USCIS held a Listening Session on its new process for managing EB-5 visa petition inventory on March 13, 2020. Sarah Kendall, Chief of the Immigrant Investor Program Office, and Charles Oppenheim, Chief of the Immigrant Visa Control and Reporting Division, both spoke. Here are the key takeaways from the session.
- Form I-526 Processing. Starting March 31, 2020, IPO will begin to prioritize the processing of Form I-526 petitions from investors who are chargeable to countries with visas that are immediately available or soon to be available, based on a monthly assessment of the “Chart B” Date for Filing listed in the Department of State’s Visa Bulletin. Kendall rejected any suggestions of an “opt-in” approach and would not speculate how long this new method will last. She also indicated that investors born in backlogged countries who may be eligible for “cross-chargeability” should email IPO to submit the request to adjudicate and include the legal basis behind the cross-chargeability.
- EB-5 Visa Numbers. USCIS’ change will not affect the availability of EB-5 visa numbers. Oppenheim suggested there will be no change in how visa numbers are allocated in the next 12-18 months. Mr. Oppenheim did indicate that more visa numbers being used by non-backlogged countries (due to increased I-526 processing times) means less “leftovers” for those who have reached annual limit. He indicated there will likely be no change in how many visas each country will obtain until FY 2022, when mainland-China will have fewer numbers.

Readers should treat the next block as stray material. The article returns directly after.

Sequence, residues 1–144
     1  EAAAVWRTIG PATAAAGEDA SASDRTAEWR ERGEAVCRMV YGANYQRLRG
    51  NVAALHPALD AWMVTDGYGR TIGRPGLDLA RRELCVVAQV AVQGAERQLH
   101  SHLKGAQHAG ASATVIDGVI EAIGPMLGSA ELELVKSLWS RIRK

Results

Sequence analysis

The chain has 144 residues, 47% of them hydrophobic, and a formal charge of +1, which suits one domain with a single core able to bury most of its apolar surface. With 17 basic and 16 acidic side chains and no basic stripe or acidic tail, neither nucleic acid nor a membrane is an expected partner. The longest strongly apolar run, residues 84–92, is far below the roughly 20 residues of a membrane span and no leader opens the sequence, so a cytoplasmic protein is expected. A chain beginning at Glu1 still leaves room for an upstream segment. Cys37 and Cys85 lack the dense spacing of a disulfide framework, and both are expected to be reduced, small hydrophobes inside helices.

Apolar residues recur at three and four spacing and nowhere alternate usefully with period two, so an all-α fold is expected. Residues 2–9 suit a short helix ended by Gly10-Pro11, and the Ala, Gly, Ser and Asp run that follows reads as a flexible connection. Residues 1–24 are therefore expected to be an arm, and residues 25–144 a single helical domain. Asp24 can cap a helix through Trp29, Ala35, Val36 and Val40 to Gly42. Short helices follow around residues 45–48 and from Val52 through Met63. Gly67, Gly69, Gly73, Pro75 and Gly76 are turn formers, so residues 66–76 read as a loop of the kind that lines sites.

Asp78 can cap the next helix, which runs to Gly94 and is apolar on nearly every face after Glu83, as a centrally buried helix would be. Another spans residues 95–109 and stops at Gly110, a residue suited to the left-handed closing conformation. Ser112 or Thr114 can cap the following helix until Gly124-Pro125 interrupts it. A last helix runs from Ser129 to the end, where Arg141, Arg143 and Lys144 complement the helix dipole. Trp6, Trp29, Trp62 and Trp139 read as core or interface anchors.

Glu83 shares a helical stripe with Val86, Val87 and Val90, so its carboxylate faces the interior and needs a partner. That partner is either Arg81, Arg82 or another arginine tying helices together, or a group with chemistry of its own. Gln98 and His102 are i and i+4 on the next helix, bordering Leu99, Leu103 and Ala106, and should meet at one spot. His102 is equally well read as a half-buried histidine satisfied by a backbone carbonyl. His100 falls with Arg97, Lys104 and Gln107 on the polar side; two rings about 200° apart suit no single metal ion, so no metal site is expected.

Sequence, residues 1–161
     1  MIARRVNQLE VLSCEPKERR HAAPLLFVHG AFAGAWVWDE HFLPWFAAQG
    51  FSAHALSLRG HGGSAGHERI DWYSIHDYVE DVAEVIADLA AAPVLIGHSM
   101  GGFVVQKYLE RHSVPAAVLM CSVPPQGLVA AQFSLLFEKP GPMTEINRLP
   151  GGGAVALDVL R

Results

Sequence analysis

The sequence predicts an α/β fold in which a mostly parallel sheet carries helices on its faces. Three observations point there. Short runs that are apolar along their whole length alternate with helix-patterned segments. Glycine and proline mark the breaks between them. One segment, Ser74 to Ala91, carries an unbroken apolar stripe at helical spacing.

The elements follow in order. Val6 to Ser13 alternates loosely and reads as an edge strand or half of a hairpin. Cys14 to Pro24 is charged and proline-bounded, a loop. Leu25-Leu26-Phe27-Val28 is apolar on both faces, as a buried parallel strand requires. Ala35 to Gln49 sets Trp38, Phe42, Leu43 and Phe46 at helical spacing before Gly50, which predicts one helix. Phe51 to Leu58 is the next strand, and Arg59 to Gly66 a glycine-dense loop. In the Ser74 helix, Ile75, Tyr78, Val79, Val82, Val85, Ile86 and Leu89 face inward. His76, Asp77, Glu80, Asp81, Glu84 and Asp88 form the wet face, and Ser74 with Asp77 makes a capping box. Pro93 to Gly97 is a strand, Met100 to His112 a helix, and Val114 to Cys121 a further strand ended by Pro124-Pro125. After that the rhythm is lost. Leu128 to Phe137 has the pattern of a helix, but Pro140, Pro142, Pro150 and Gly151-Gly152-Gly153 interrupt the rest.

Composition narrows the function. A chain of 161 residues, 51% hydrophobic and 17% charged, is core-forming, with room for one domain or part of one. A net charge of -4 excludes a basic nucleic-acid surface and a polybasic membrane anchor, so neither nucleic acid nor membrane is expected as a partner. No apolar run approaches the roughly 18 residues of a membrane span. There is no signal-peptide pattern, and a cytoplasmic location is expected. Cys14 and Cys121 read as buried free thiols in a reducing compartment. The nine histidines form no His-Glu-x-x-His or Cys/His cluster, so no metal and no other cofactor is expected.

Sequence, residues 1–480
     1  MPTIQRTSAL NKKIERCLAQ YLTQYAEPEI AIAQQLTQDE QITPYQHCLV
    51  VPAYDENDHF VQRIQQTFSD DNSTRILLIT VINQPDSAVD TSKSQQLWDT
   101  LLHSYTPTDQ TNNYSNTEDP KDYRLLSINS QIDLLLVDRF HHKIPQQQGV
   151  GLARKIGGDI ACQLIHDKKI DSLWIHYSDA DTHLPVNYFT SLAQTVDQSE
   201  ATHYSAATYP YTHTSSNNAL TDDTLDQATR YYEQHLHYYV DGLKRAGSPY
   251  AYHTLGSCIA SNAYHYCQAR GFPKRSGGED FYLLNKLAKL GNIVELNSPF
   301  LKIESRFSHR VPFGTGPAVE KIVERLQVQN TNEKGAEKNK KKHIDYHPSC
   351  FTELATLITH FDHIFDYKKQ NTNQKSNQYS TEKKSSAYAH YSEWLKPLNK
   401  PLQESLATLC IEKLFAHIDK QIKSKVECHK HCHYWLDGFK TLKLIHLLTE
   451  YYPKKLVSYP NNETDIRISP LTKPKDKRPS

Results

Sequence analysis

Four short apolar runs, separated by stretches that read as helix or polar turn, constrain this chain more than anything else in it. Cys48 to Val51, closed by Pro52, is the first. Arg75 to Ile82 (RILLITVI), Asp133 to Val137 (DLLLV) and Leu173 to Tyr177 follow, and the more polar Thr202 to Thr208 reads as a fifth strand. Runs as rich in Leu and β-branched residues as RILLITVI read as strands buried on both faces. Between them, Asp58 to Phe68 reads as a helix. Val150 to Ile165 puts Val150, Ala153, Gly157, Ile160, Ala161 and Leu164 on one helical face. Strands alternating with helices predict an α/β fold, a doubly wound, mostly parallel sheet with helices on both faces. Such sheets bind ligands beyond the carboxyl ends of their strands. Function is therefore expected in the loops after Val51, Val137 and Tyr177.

- Non-Backlogged Countries To See Faster Adjudications Starting March 31, 2020. USCIS heard “loud and clear” that EB-5 stakeholders are frustrated with EB-5 processing times but did not quantify how the new approach will affect them. Kendall mentioned that IPO has 240 staff including adjudicators, economists, and other supporting staffed and that it has been focusing on adjudicator training and integrity of the EB-5 program to reduce fraud. She also indicated that IPO has increased working with outside enforcement agencies, which likely slows down processing. Ms. Kendall did not clarify how the stated processing times on USCIS’ website will be impacted (or if there will be two processing times listed – one for backlogged countries, and one for countries with available visas). New data will be posted in the coming months. Ms. Kendall was proud that IPO’s customer service team has been responding to case inquiries within 9 days.
- Expedite Requests. Kendall indicated that IPO’s new approach will not impact the expedite process request, which will be handled under USCIS’ guidelines. She did mention in a response to a question that a 5-month waiting period for an expedite request should be brought to IPO’s attention.
- Form I-924As and Notice of Intent to Terminate. IPO will heavily monitor regional centers and take actions when not meeting the “terms and conditions” of a designation. In FY 2019, 100 regional centers filed to file an I-924A and were issued a Notice of Intent to Terminate (NOIT). Last year, 70 regional centers were terminated for failure to file an I-924A. Kendall indicated that a NOIT may be issued if the Form I-924A is incomplete or inconsistent with prior information submitted to USCIS, or if government-issued identification cards for all principals are not included.